Friday, December 09, 2011
urban advent installations
Great urban Advent idea from Sanctus1 in Manchester. They have created 24 advent shrines all over the city centre. A different artist has taken responsibility for the 24 days of Advent and the “shrines” are then placed in different locations around the city centre.
This is for December 7th, located in the Midland Hotel.
This is the second of five shrines to be located at the hotel, occupying a no-longer-in-use phone booth. Hotels and inns have been places of gathering, shelter and hospitality for centuries. This shrine relates to part of the Christmas story, where Mary and Joseph were trying to find somewhere to stay in Bethlehem, but all the hotels were booked up. Pray for those needing shelter and warmth on these cold winter nights.
I like the transient nature of these, the sense of here today, gone tomorrow surprise that is engendered as these pop up around the city.
I like the vulnerability, the sense that these are precious art, yet could be damaged, graffiited, destroyed. That in itself is a Christian and Advent message, the sense of being given a precious gift, that we can chose to ignore.
I like the everydayness of these, that you are invited to pray not at special times inside a special building, but in the midst of your working, walking life.
I like the public nature of these acts of worship, the Christmas story started not inside a church, but in the public domain, in the bustle of life.
What remains unresolved for me in all these public spiritual installation art is the relationship between authentic presence in a branded culture. Or as I wrote a few years ago in relation to the Christmas Journey:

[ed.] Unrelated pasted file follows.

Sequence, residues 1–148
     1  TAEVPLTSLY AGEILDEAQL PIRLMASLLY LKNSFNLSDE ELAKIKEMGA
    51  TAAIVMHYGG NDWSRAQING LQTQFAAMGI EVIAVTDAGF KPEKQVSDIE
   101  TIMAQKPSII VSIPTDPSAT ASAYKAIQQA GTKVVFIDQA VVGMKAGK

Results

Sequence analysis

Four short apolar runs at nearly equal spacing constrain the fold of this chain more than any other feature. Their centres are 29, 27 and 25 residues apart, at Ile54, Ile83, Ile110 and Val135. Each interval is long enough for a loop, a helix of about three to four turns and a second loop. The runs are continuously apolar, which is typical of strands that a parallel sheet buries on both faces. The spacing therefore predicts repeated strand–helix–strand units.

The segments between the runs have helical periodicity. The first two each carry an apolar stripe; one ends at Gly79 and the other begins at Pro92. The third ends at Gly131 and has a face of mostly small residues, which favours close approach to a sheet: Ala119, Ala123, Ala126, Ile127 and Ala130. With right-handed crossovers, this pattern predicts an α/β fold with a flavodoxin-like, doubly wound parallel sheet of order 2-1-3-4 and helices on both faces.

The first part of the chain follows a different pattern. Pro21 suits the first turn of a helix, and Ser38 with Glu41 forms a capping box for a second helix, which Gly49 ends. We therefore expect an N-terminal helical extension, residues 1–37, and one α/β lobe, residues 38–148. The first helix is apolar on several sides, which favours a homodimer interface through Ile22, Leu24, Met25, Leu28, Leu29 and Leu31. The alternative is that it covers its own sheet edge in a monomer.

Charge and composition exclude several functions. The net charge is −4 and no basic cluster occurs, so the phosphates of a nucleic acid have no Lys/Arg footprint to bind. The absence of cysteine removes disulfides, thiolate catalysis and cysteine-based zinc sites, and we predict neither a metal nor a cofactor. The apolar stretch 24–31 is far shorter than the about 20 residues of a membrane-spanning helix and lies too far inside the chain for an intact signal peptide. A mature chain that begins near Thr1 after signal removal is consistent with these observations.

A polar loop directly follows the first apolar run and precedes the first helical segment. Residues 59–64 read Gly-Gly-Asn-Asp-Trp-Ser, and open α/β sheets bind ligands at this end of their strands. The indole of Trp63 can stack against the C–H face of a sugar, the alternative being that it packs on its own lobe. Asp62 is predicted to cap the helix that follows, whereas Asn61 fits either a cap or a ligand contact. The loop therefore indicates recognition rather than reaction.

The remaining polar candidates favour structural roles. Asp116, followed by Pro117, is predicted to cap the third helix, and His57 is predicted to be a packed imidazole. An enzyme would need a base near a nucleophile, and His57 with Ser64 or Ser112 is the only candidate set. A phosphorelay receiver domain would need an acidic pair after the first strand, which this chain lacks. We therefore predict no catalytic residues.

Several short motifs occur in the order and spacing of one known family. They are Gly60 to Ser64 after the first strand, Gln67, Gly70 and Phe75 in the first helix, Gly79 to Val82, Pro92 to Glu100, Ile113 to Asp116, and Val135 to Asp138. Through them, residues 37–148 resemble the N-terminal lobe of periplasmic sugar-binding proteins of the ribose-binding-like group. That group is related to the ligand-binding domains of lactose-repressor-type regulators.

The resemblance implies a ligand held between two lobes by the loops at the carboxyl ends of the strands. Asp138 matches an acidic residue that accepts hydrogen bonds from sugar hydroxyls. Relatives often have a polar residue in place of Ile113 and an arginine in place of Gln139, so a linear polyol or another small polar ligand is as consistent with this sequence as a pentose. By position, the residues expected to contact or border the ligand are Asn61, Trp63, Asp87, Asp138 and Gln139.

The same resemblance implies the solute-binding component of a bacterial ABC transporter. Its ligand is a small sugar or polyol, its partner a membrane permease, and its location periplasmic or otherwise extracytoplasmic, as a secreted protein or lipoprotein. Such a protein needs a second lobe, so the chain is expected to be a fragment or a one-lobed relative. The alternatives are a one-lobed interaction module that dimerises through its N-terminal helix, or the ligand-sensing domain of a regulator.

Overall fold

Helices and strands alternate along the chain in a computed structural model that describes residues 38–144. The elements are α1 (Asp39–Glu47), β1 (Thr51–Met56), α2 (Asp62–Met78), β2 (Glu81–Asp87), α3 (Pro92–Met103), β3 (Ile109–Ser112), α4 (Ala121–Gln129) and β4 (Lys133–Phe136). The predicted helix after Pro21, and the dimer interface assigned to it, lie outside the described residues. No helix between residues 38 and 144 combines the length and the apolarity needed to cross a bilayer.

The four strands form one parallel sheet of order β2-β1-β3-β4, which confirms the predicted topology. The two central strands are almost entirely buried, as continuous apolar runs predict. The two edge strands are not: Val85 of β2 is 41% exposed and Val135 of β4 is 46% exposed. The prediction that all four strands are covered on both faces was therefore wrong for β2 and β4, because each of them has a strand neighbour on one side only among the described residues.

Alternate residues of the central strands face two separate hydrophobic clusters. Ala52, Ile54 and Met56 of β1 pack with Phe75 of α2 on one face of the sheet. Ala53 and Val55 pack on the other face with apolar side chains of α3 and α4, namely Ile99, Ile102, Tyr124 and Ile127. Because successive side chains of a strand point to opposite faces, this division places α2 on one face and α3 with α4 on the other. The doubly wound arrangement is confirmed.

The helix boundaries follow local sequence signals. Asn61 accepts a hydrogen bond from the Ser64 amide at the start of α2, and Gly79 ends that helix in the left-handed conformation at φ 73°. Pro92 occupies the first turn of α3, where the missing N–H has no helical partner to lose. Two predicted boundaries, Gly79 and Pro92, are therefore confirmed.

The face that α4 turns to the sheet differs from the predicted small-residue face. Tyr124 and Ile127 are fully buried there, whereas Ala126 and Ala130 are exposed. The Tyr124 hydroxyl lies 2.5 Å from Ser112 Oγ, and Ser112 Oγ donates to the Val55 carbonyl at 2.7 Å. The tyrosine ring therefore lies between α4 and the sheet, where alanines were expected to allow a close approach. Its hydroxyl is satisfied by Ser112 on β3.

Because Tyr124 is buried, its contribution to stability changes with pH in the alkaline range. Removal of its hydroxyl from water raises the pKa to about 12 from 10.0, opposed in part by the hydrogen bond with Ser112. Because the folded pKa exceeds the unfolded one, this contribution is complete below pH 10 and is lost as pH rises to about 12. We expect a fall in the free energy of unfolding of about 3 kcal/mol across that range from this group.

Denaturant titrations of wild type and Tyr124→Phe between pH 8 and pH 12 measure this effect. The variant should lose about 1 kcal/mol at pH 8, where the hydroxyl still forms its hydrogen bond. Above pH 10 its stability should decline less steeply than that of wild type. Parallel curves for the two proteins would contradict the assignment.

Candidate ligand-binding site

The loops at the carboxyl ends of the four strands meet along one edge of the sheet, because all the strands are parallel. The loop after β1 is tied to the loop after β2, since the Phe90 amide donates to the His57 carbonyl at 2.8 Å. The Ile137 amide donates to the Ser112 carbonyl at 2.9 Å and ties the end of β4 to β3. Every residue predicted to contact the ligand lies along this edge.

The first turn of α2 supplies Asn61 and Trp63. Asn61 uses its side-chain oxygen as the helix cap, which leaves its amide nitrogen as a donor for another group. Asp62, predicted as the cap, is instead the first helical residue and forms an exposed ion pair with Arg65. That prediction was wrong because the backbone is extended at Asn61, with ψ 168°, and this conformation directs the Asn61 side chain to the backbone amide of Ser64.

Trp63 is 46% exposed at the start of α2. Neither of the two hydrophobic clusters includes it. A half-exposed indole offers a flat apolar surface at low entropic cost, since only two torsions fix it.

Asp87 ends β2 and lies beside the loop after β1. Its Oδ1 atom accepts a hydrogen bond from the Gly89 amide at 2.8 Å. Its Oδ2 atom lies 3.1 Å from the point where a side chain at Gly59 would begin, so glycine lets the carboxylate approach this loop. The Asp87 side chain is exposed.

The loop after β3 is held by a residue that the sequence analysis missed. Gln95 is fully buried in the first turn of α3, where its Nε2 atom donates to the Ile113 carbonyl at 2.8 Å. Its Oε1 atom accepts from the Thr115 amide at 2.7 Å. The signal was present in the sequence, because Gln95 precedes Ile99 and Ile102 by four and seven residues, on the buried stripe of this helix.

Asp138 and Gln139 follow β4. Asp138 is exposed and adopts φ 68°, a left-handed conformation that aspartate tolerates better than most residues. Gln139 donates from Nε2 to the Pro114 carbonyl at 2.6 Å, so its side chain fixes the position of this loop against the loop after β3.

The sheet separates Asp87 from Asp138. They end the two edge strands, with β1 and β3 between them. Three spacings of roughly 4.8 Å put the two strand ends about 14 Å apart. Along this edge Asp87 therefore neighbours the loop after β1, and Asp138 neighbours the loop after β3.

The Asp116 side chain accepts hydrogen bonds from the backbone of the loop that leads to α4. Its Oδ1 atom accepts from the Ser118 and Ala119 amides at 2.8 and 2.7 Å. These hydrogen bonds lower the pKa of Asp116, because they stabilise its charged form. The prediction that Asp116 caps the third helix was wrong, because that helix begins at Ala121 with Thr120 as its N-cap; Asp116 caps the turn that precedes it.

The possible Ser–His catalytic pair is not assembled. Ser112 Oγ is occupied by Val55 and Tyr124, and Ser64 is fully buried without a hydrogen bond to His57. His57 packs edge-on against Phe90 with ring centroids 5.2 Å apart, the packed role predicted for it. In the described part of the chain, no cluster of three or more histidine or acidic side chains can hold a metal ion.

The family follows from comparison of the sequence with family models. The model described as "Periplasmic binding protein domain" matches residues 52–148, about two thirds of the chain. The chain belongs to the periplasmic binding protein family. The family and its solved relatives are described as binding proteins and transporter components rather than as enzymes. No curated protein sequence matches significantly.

The tension between whether the [public spiritual installation art] should act like an interactive signboard or the foyer of a building. Should each [public spiritual installation art] stand alone, as a signboard? Or should the [public spiritual installation art] be like a foyer, that welcomes and points people toward church or Christianity in some way? The concept of gift is important. Many churches offer subtle switch and bait operations. Should the [public spiritual installation art] be offered as a gift, with no strings attached? Or should they come with a subtle price tag. (This could include invitation to church services, a Christian tract, a takeway resource). Yet society at Christmas is so dominated by consumerism and when the church offers “switch and bait” have we not bowed down to the gods of consumerism in our culture? Each year this is debated. In 2006 the [public spiritual installation art] simply offered a takeaway potential of a memorable moment.
In terms of resourcing this, it could easily be the main focus of the energy for a community, that is used first in public during the Advent season, but are then all collected and offered as gathered worship (come see all the 24 advent stations) for Christmas eve services, with space, mulled wine, artist floor talks, ambient music and carols. In other words, the creativity is shaped by mission but woven into the worshipping life.
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